Whitefriar Street Carmelite Church, the Exterior
An Image Gallery from Whitefriar Street Carmelite Church
Saint Valentine, patron saint of lovers and celebrated on February 14th, is a Dub (as Dubliners are commonly called). His remains are to be found in Dublin, in the Whitefriar Street Carmelite Church. Enjoy some images of this outwardly strange, yet internally beautiful place.
The exterior of the Whitefriar Street Carmelite Church is unimposing - in fact it almost looks like an apartment dwelling. Unless you count the massive portal (which sits uneasily on the utilitarian façade), and the life-size statues of saints flanking it. Of course, locals know where to go, and for the casual visitor there are signs. But still ... low key seem to be the word. Which does not change immediately inside, as you are faced with a long(ish) corridor until you at last enter the church.
Saint Valentine's Shrine - A Riot of Colour
Saint Valentine's Shrine is certainly colourful ... the remains in the casket below the altar are paraded during a special ceremony on February 14th. Which is, oft course, Saint Valentine's Day, when the Carmelites also lay on a special service for all those in love. Not a big shmooze-fest (though in front of the relics of the Patron Saint of Lovers is certainly one of the best places to steal a kiss in Dublin).
Carmelite Church Altar - Almost Eastern
More imposing than the exterior and with a middle-eastern feel - the altar of the Carmelite Church. I certainly am under the impression that the Carmelites have a thing for very colourful, life-size representations of saints. The Church of Saint Joseph opposite Dublin's Mater Hospital also displays a wonderful array of such religious artwork (admittedly, it may not be to everyone's taste).
Saint Valentine's Statue - in Full Technicolor
Saint Valentine's statue - Dublin's Carmelite churches seem to have a penchant for life-ize and colourful saints. By the way: Saint Valentine, patron saint of lovers, is an Irish saint by adoption only. And certainly not as important as Saint Patrick, definitely not as Irish as Saint Brigid. In 1836 bones exhumed from the catacombs of Saint Hippolytus on the Via Tiburtina were identified as being the earthly remains of Saint Valentine. This positive identification must rank alongside the more improbable feats of Dr Temperance Brennan and the whole Jeffersonian Institute as being ... yeah, let's just say "next to miraculous". But the now identifies saint was swiftly placed in a casket, and then whisked off to Dublin. As an official donation by Pope Gregory XVI, to provide a focus of veneration for the re-emerging Catholic faith in Ireland. At this time Roman Catholics were finally allowed out of the closet, but most ancient relics were missing, and old churches often taken over by the Church of Ireland. By providing a bona fide 3rd century saint for Dublin, Gregory managed to bestow some instant antiquity on the Carmelite church.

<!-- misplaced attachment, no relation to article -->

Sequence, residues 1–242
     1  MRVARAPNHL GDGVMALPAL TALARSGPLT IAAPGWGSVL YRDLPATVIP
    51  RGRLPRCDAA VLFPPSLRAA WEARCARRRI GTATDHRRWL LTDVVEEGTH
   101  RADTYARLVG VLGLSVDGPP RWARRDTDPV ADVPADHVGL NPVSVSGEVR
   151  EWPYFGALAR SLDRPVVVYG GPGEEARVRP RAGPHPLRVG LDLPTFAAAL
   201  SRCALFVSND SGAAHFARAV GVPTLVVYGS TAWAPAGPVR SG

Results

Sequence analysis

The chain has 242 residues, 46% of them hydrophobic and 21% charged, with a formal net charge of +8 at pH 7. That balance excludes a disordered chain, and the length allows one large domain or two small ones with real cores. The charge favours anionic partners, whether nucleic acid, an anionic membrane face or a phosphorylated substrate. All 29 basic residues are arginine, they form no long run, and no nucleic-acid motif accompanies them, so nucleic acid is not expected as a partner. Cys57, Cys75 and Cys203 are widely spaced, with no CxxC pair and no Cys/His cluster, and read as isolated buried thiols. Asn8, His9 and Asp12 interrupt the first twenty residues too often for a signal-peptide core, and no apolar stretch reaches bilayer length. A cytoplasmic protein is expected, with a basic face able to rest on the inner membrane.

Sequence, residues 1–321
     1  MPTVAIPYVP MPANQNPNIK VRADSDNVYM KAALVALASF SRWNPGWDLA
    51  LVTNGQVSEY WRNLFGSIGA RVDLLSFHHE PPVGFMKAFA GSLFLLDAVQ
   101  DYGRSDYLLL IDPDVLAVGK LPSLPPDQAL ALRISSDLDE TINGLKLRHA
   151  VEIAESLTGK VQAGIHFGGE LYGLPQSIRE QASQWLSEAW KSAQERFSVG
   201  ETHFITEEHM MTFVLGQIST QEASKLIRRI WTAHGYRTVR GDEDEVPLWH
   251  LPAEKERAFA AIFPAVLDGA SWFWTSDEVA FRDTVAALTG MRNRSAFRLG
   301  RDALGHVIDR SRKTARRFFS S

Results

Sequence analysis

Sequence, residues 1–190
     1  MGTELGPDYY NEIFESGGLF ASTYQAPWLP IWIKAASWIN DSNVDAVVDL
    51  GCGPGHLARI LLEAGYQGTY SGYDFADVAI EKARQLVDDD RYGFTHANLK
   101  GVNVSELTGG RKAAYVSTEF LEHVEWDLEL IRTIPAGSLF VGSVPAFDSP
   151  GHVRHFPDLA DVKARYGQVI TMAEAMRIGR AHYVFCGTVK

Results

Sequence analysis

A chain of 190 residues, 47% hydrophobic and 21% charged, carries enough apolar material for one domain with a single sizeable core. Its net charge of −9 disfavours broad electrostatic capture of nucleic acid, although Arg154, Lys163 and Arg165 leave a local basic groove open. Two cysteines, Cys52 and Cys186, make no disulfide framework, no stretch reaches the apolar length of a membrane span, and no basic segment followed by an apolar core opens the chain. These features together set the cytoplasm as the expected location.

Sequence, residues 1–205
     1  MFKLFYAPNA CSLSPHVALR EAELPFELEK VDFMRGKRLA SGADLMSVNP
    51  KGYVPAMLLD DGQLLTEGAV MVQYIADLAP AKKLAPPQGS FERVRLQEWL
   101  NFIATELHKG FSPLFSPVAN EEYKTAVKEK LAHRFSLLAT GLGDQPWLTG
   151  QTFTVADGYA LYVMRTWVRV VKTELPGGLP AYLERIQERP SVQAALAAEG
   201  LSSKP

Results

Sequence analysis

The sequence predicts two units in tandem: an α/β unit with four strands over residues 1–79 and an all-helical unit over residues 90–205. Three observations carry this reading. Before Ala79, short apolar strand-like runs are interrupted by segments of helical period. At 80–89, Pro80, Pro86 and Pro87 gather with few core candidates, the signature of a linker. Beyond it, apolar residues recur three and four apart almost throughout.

Holy Water - an Irish Oddity
The dispenser for Holy Water in the Carmelite Church has a very utilitarian design. To say the least ... we have several of these water butts in our garden, for harvesting rainwater ... all we'd need is a priest to bless them, I guess. Though this is not the strangest dispenser of Holy Water I have seen in Ireland. At Cobh there is a tap outside the church, and the long line of Holy Water dispensers (complete with biblical, artistic design) that line the main car park at the Marian Shrine of Knock has to be seen to believe.
Having said that, I suppose if you believe in the Holy Water itself, it does not make a difference how it is dispensed. Though I sometimes wonder why many of the dispensers are clearly marked with a health warning, noting that the water is not for internal consumption.